How it can be fixed (potential help from 2015 recruiting class): Not much, at least so far. Wisconsin has only one receiver committed in this year's class, and that's Andrew James from Fort Lauderdale, Florid. He's a three-star prospect, according to ESPN Recruiting.

Early 2015 outlook: One of the main priorities for new head coach Paul Chryst is developing the passing game, including the quarterbacks and receivers. Still, Wisconsin is unlikely to become Wide Receiver U any time soon. This is still an offense that will rely heavily on the run game and use its tight ends (Troy Fumagalli should step in for Arneson in '15) and tailbacks as receiving options. Yet the Badgers receivers are often open because opposing defenses pay so much attention to the run game, so they need to be much better than they were last season. If even one or two wideouts can step up to help Erickson, that would go a long way toward improving the entire offense.
Jim Harbaugh landed his first commitment as Michigan head coach on Saturday when 2015 defensive end Reuben Jones tweeted his decision for the Wolverines. Jones had decommitted from Nebraska prior to his visit and is now on board for Michigan.



New defensive coordinator D.J. Durkin used his ties to the state of Florida to go and get Jones, who is only commit No. 7 for the Wolverines in the 2015 class. Michigan has room for roughly nine more prospects and still has plenty of needs to fill, so there is still plenty of work ahead.

Jim Harbaugh’s seven-year contract at Michigan ensures him a raise to more than $6 million annually after his fifth season and an evaluation by school officials to keep his pay in line with market value, according to the document released by the school to ESPN’s Darren Rovell and other media.

Harbaugh is to earn $5 million in each of the first three years of his deal -- a $500,000 base salary and $4.5 million in additional compensation for contracted TV and radio appearances and an apparel agreement, among other items.

The contract calls for a 10 percent raise to $5.5 million in January 2018 and another 10 percent raise to $6.04 million in January 2020, pending the market-value review.

The total value of the deal is $38,069,000.

If Harbaugh leaves Michigan for other employment, he must pay the university the remaining pro-rated amount of his $2 million signing bonus. For instance, if he takes an NFL job after four years, he will owe the school $857,142.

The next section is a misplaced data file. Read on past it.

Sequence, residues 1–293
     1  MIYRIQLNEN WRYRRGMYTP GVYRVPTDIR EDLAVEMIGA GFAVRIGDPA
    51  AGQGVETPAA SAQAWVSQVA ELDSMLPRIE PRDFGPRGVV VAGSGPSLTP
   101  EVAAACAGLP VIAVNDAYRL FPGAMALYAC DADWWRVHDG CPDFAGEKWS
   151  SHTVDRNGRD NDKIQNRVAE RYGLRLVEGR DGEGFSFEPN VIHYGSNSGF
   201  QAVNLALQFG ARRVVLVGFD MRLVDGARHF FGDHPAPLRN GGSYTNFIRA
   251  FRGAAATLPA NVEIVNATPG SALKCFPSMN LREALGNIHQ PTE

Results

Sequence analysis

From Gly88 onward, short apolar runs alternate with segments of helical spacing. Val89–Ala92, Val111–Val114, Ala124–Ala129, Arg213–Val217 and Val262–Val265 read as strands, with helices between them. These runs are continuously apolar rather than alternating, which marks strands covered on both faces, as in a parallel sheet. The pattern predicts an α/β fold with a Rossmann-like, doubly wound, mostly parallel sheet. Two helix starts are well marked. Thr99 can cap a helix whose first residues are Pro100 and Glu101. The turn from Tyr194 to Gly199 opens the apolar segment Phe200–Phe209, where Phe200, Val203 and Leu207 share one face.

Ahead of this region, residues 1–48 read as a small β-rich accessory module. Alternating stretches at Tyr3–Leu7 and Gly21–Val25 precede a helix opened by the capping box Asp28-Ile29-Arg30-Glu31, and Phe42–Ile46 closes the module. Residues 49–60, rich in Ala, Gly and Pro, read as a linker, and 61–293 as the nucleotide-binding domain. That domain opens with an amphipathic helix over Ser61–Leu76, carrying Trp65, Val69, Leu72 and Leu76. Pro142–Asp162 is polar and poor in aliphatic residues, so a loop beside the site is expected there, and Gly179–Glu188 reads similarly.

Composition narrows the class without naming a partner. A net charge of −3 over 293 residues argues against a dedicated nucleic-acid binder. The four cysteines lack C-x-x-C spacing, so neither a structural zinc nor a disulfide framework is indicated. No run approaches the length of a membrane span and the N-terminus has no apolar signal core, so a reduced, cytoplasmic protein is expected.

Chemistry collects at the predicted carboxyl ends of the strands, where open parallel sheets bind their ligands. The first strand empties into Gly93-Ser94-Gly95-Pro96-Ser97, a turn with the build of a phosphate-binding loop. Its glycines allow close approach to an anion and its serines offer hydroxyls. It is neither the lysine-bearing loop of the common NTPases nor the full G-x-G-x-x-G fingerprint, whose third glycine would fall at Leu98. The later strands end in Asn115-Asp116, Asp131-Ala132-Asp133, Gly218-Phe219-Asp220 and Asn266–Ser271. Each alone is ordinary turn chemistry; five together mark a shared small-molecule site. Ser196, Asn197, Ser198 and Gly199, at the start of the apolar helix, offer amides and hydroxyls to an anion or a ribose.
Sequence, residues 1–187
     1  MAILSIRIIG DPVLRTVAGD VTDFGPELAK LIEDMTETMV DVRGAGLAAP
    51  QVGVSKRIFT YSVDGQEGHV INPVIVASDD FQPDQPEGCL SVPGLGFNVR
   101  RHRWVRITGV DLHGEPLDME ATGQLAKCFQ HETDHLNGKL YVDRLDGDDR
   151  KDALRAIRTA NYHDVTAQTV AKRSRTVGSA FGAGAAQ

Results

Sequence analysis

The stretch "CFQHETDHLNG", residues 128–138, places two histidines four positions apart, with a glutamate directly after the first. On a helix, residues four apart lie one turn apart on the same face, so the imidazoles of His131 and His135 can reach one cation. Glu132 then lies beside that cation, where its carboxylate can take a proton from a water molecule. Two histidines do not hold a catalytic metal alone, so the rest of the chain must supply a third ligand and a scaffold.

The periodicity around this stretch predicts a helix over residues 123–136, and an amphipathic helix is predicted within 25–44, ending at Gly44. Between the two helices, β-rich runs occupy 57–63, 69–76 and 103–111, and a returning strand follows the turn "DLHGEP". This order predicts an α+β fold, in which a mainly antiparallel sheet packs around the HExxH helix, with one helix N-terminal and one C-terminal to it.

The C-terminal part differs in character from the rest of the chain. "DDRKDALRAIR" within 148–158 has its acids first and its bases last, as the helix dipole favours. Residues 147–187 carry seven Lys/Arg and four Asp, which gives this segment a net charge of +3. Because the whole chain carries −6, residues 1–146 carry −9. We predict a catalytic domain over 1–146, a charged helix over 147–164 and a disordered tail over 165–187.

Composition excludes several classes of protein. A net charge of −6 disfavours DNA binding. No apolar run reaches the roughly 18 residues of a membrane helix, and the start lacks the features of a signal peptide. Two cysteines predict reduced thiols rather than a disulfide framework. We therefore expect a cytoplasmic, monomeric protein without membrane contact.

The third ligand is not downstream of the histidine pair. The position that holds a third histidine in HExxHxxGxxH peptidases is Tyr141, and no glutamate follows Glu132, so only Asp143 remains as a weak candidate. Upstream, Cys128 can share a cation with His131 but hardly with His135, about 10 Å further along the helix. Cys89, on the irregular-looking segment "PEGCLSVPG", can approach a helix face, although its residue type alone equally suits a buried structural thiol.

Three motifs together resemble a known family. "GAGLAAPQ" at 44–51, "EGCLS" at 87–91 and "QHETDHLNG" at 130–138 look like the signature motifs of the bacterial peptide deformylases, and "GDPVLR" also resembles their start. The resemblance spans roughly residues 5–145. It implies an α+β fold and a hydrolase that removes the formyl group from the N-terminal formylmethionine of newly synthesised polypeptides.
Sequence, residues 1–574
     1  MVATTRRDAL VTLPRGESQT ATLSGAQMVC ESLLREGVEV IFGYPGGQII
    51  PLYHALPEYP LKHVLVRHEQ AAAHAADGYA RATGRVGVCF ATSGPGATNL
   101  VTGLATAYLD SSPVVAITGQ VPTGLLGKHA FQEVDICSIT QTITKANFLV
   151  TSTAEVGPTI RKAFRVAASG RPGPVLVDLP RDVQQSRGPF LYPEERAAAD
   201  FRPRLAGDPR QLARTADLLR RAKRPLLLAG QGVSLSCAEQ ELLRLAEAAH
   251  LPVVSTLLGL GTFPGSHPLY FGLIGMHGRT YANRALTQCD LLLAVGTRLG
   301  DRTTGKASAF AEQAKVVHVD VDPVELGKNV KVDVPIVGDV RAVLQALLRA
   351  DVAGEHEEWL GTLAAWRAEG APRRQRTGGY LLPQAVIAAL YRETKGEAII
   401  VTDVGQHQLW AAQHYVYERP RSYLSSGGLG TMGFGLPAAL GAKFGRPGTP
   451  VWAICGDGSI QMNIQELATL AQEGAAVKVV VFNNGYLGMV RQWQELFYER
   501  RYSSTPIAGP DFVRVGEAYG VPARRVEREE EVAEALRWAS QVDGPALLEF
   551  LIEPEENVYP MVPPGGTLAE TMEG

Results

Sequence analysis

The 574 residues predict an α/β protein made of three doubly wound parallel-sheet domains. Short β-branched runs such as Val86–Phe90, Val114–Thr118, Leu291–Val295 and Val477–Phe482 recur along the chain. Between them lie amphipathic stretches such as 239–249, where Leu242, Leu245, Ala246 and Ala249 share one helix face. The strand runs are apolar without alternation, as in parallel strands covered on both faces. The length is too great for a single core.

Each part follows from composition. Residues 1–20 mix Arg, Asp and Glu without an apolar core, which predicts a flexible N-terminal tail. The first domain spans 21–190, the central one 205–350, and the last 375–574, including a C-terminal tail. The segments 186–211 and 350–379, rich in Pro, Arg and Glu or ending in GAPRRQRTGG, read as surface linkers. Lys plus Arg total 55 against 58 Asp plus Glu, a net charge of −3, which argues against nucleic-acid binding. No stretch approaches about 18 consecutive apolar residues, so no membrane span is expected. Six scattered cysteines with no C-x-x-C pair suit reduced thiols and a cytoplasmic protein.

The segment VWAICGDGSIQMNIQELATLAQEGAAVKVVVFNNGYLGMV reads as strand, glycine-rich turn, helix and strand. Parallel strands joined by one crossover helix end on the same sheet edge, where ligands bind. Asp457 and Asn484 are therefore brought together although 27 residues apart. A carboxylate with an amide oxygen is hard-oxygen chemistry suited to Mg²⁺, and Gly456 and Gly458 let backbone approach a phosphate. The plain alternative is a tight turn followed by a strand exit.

Other terms of the contract provide Harbaugh with:
  • The joint responsibility with the athletic director to schedule games. The final decision rests with the AD.
  • The use of two automobiles.
  • $4,000 of apparel annually from Michigan’s official outfitter (currently adidas).
  • Use of a private viewing box for his family and guests at Michigan Stadium and 16 additional tickets to home games.
  • Private air travel for all recruiting purposes and up to 25 hours of additional flight time for personal travel. First-class commercial airfare for all other football-related travel.

The contract allows for a salary pool of $4-5 million for his assistant coaches, with 10 percent raises after the third and fifth years of Harbaugh’s deal.

Harbaugh’s incentives include payment of $125,000 for winning the Big Ten East Division, $250,000 for a conference title, $200,000 for a New Year’s Six bowl appearance, $300,000 for a berth in the College Football Playoff and $500,000 for a national championship.

Additionally, he will receive $50,000 if named Big Ten coach of the year, $75,000 as national coach of the year and up to $150,000 for the academic performance of his players.

The contract was dated Dec. 28, 2014, and signed by Michigan athletic director Jim Hackett and president Mark Schlissel. Harbaugh was introduced in Ann Arbor on Dec. 30.
We've been counting down the top 25 players from the 2014 Big Ten season all week, and now we have reached the summit.

Like Chris Rock, we're ready to deliver a top 5. These are the best of the best from the year that was.

No. 1: Melvin Gordon, RB, Wisconsin

This one was pretty easy. Gordon won the Doak Walker Award, was the Big Ten's offensive player of the year and finished second in the Heisman Trophy voting. He amassed 2,587 rushing yards -- second most ever by an FBS player, behind only Barry Sanders -- and 32 total touchdowns while picking up 7.5 yards per carry. We'll never forget his epic 408-yard performance in just three quarters on Nov. 15 against Nebraska, even if that single-game record stood for only one week. It was the year of the running back in the Big Ten, and Gordon was the king of the class.

No. 2: Joey Bosa, DE, Ohio State

The Big Ten's defensive player of the year, Bosa led the league with 13.5 sacks and 21 tackles for loss while also forcing four fumbles. He could change or even win games with his pass-rushing prowess, as he showed in overtime at Penn State. He was a finalist for the Bednarik and Ted Hendricks awards and the Lombardi Trophy, and he's a good bet to win a major award as a junior in 2015. How does he combine so much speed, power and personality in one package?

No. 3: Tevin Coleman, RB, Indiana

If the Hoosiers had been a better team, or if Coleman had more help from his passing game, then perhaps his 2014 season would be discussed in the same kinds of hushed tones we reserve for Gordon. Make no mistake, though: Coleman's season was also one for the ages, as he ran for a school-record 2,036 yards (in two fewer games than Gordon) and averaged 7.5 yards per carry (the same as Gordon). He had five games of at least 190 yards rushing, including a 228-yard, three-touchdown tour de force at Ohio State late in the year.